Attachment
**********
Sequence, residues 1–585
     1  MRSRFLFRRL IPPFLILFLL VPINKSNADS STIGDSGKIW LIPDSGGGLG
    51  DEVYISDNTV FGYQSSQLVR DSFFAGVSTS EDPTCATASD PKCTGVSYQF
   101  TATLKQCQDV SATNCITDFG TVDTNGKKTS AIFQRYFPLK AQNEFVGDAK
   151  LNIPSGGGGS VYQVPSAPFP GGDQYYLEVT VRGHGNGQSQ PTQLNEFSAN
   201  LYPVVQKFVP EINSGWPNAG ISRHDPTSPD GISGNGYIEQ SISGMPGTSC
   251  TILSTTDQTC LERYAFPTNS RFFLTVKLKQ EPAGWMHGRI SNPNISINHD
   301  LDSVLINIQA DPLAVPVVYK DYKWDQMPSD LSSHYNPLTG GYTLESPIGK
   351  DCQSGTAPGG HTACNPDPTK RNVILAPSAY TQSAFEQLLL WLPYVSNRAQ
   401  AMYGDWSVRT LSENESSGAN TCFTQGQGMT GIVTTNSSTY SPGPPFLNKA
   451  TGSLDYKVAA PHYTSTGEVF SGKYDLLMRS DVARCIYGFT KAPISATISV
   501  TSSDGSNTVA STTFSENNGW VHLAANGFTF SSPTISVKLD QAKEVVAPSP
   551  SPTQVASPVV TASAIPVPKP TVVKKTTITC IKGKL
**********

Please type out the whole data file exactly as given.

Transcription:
Sequence, residues 1–585
     1  MRSRFLFRRL IPPFLILFLL VPINKSNADS STIGDSGKIW LIPDSGGGLG
    51  DEVYISDNTV FGYQSSQLVR DSFFAGVSTS EDPTCATASD PKCTGVSYQF
   101  TATLKQCQDV SATNCITDFG TVDTNGKKTS AIFQRYFPLK AQNEFVGDAK
   151  LNIPSGGGGS VYQVPSAPFP GGDQYYLEVT VRGHGNGQSQ PTQLNEFSAN
   201  LYPVVQKFVP EINSGWPNAG ISRHDPTSPD GISGNGYIEQ SISGMPGTSC
   251  TILSTTDQTC LERYAFPTNS RFFLTVKLKQ EPAGWMHGRI SNPNISINHD
   301  LDSVLINIQA DPLAVPVVYK DYKWDQMPSD LSSHYNPLTG GYTLESPIGK
   351  DCQSGTAPGG HTACNPDPTK RNVILAPSAY TQSAFEQLLL WLPYVSNRAQ
   401  AMYGDWSVRT LSENESSGAN TCFTQGQGMT GIVTTNSSTY SPGPPFLNKA
   451  TGSLDYKVAA PHYTSTGEVF SGKYDLLMRS DVARCIYGFT KAPISATISV
   501  TSSDGSNTVA STTFSENNGW VHLAANGFTF SSPTISVKLD QAKEVVAPSP
   551  SPTQVASPVV TASAIPVPKP TVVKKTTITC IKGKL